Houston's food bank is uniquely stocked for Hurricane Laura because of pandemic

Stephanie Asymkos
·Reporter
·4 mins read

Hurricane Laura is projected to make landfall along the Gulf Coast as a category 4 storm, bringing a devastating storm surge and winds up to 140 miles per hour.

But Houston is stocked to feed its residents, thanks in large part to the coronavirus outbreak. It’s getting volunteers that poses a problem.

Ordinarily, regional food banks would be rushing to acquire extra supplies to support community members without food and water, but the Houston Food Bank — which has been operating at unprecedented distribution levels since the pandemic’s arrival — is well-stocked and primed to handle this next crisis.

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“We actually think that we're in better shape than we normally would be,” said Brian Greene, president of Houston Food Bank. “The difference that was shocking about COVID is we jumped at the kind of rate that you would expect after a major hurricane hit, but never got the break that you'd normally get after a natural disaster. It just kept going and going and going and going.”

(L-R) Lacey Buller, Tyler Arnold, and Mike Buller work on placing plywood over the windows of their business before the arrival of Hurricane Laura on August 25, 2020, in Lake Charles, Louisiana. (Photo by Joe Raedle/Getty Images)
(L-R) Lacey Buller, Tyler Arnold, and Mike Buller work on placing plywood over the windows of their business before the arrival of Hurricane Laura on August 25, 2020, in Lake Charles, Louisiana. (Photo by Joe Raedle/Getty Images)

As a pandemic-era measure, Houston Food Bank “geared up” and expanded its infrastructure and rented two additional warehouses, more vehicles, and more forklifts, he said.

Located in one of the hardest hit cities by COVID-19, it has been operating at a significantly elevated level and dispersing about 800,000 pounds of food, nearly double its pre-pandemic level of 450,000 pounds a day. It’s a pace that Houston Food Bank is prepared to operate at for the foreseeable future.

A hit from Hurricane Laura could mean the need could double from its current demand level, Greene said. Food insecurity, as the result of a natural disaster, is a situation “anybody can suddenly find themselves in,” he said, and a food bank might be “the only game you got” if supermarkets aren’t open or roads are inaccessible.

A man puts sandbags on his cart as residents fill sandbags at St. Raymond Church, provided by Mayor LaToya Cantrell and the local government, as Hurricane Laura warnings have been issued for part of Louisiana and Texas, in New Orleans, Louisiana, August 25, 2020. (REUTERS/Kathleen Flynn)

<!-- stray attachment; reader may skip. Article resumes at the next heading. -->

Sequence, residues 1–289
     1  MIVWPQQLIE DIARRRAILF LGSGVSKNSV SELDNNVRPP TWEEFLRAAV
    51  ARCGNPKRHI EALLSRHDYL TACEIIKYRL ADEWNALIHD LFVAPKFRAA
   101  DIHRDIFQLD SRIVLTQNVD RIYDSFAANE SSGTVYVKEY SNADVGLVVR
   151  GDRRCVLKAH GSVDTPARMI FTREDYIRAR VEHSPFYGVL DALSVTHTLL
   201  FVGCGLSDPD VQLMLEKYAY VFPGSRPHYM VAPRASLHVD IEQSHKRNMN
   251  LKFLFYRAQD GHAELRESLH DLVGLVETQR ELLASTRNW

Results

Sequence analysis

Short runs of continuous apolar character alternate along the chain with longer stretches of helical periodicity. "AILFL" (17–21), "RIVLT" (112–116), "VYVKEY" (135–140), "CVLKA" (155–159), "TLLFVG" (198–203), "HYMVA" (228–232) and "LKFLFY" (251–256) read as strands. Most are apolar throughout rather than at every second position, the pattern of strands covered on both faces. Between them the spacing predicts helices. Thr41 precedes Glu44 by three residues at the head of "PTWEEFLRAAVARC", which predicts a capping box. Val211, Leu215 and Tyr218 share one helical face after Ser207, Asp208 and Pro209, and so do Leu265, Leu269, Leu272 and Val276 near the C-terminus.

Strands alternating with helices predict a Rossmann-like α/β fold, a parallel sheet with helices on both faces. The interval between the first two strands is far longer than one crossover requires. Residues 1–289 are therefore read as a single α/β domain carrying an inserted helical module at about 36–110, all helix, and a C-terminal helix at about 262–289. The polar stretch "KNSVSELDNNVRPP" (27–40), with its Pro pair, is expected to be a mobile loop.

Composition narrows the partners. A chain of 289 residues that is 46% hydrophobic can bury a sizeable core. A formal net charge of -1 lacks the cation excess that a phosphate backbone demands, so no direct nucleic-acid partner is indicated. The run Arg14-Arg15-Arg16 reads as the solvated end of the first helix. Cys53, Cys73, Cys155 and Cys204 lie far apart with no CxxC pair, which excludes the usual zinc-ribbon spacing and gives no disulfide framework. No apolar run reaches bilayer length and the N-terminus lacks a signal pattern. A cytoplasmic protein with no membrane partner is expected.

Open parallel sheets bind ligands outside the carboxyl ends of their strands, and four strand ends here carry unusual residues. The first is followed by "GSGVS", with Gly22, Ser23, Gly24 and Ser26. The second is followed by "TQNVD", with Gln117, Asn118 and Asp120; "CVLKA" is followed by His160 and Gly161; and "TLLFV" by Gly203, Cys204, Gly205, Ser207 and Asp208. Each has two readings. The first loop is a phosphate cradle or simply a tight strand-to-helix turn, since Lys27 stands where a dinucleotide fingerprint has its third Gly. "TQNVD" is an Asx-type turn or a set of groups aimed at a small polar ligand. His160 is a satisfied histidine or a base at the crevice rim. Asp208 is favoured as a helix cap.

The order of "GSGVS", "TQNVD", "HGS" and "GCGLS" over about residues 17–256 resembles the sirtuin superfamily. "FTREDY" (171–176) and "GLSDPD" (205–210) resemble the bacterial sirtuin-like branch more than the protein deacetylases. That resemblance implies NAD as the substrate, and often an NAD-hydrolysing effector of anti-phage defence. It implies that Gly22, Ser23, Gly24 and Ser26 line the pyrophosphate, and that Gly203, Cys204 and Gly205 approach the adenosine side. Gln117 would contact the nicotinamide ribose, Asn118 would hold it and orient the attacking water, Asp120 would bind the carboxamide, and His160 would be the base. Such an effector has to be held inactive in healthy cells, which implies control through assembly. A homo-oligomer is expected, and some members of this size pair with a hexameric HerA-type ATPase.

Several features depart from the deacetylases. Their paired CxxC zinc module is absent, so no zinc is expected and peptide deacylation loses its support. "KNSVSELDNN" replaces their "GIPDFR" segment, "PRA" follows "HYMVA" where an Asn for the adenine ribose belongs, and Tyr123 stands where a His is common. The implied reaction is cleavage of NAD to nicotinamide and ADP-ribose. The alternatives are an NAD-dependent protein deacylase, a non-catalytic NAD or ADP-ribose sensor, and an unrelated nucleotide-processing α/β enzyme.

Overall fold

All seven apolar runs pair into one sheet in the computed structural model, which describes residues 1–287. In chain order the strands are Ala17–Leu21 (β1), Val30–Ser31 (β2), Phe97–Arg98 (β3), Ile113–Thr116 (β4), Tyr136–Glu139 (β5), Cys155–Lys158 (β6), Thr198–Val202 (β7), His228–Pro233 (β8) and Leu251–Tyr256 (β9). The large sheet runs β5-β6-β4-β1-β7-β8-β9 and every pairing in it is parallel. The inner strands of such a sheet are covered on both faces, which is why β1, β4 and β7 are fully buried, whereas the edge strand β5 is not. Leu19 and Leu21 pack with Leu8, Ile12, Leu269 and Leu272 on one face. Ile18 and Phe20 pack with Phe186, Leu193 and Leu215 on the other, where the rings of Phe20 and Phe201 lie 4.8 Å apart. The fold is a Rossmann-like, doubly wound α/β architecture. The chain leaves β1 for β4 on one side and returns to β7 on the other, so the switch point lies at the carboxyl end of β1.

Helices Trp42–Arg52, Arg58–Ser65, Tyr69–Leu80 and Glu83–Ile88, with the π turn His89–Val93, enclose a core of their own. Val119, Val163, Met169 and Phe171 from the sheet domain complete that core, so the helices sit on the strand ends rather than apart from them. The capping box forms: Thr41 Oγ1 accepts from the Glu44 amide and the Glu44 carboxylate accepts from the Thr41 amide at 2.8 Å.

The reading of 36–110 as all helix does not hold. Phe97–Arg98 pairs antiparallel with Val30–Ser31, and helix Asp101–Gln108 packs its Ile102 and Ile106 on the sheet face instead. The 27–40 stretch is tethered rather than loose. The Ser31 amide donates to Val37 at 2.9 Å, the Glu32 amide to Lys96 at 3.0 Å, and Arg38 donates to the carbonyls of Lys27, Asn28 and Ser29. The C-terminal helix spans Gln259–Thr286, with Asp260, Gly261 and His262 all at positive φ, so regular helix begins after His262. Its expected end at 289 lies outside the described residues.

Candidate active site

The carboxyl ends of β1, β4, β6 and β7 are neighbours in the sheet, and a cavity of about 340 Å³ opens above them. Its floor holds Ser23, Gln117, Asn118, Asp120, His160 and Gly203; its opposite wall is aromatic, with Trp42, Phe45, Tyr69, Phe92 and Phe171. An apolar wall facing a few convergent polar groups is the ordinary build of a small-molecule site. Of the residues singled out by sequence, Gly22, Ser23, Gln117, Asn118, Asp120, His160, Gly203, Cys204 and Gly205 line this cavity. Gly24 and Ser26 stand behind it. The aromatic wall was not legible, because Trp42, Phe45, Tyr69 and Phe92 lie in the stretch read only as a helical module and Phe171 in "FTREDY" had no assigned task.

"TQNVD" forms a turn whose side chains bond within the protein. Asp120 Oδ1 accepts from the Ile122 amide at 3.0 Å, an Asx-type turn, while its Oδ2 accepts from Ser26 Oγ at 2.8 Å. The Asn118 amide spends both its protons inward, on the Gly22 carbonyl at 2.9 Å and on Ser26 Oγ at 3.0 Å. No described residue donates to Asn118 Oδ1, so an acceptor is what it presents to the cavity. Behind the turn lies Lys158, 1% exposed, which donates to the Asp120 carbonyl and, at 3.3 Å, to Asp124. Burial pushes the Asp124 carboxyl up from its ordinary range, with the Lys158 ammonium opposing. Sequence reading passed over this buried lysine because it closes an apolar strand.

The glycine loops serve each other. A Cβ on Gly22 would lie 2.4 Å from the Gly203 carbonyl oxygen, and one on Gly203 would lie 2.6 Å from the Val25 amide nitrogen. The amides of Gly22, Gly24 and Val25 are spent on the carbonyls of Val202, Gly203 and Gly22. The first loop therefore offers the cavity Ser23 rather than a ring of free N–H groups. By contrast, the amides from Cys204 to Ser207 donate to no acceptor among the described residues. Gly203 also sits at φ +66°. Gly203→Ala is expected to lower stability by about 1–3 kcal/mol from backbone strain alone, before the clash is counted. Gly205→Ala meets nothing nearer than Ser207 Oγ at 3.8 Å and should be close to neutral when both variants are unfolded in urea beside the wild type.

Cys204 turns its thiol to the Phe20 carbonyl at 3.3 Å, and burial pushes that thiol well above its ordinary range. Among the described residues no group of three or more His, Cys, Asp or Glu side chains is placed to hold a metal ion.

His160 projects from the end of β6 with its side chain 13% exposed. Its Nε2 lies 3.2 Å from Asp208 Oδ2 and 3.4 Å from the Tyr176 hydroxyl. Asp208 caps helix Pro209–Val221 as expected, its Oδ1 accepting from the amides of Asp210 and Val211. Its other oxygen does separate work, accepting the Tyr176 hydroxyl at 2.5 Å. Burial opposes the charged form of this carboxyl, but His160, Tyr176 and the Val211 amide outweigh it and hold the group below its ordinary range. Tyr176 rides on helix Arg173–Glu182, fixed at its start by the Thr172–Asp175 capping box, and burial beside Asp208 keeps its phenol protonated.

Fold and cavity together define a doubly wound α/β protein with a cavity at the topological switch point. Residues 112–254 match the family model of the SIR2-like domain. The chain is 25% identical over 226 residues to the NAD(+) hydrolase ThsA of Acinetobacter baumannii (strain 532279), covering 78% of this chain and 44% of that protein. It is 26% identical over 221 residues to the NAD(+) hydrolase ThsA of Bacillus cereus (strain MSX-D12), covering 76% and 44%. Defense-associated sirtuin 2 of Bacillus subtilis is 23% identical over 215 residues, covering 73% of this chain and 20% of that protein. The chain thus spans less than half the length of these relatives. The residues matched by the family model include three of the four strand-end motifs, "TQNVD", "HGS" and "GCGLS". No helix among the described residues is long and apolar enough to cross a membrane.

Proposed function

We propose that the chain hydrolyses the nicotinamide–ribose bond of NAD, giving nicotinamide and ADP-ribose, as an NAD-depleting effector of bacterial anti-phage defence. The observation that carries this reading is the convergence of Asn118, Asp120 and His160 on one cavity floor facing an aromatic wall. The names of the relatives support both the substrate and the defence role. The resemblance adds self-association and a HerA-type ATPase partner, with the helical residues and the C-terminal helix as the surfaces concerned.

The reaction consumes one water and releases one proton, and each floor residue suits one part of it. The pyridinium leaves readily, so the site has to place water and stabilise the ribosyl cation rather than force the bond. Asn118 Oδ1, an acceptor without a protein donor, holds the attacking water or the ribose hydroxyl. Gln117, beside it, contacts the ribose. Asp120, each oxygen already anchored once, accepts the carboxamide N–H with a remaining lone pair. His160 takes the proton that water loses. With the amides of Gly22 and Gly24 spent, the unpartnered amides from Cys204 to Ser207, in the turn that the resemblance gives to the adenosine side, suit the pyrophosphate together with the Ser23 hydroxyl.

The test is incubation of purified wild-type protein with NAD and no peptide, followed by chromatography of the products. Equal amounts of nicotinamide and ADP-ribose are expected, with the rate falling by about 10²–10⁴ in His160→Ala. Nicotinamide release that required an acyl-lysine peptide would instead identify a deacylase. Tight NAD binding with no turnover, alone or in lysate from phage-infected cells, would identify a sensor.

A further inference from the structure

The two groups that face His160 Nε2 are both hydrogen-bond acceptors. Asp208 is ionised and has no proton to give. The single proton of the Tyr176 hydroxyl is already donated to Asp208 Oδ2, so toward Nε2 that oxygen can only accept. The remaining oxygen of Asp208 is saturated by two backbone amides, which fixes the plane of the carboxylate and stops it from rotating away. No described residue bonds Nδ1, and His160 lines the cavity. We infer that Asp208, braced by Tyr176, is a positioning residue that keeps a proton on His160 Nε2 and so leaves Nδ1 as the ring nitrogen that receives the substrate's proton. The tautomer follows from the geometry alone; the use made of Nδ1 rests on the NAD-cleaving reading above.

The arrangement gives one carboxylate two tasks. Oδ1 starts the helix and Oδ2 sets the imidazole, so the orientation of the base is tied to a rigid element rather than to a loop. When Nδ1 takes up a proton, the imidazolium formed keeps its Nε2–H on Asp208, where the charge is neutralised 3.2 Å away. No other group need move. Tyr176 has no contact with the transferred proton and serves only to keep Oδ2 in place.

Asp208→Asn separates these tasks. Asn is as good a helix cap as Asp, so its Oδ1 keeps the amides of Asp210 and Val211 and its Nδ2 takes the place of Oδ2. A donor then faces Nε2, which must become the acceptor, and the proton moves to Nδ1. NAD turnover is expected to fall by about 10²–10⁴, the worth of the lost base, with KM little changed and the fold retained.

A man puts sandbags on his cart as residents fill sandbags at St. Raymond Church, provided by Mayor LaToya Cantrell and the local government, as Hurricane Laura warnings have been issued for part of Louisiana and Texas, in New Orleans, Louisiana, August 25, 2020. (REUTERS/Kathleen Flynn)

But there is one area where the food bank is lacking because of the pandemic: volunteers.

After a natural disaster, the blueprint for recovery involves the willingness and generosity of community volunteers to roll up their sleeves and help.

But the number of available volunteers available has shrunk since the health crisis began, Greene said, and Laura’s anticipated landfall comes at a time when the food bank is facing a gap in its volunteer coverage.

The National Guard had sent as many as 300 of its members for a three-month stint that ended in July, but Greene hopes that “at least a few dozen” service members will return soon. Until then, the food bank has received funding to hire over 300 temporary employees.

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In the event of widespread devastation, volunteer power won’t be what it was due to COVID-19 social distancing precautions and advisories. Assembling masses, even for a disaster relief effort, is still a violation of guidelines from the Centers for Disease Control and Prevention about large in-person gatherings where six feet of distance between people cannot be accomplished.

Greene said they are using the two additional warehouses plus its main building so that volunteers can work but still stay spread out.

“Normally after a hurricane, all doors are open and whoever shows up we try to make work,” he said. “But we wouldn’t be able to do that.”

Stephanie is a reporter for Yahoo Money and Cashay, a new personal finance website. Follow her on Twitter @SJAsymkos.

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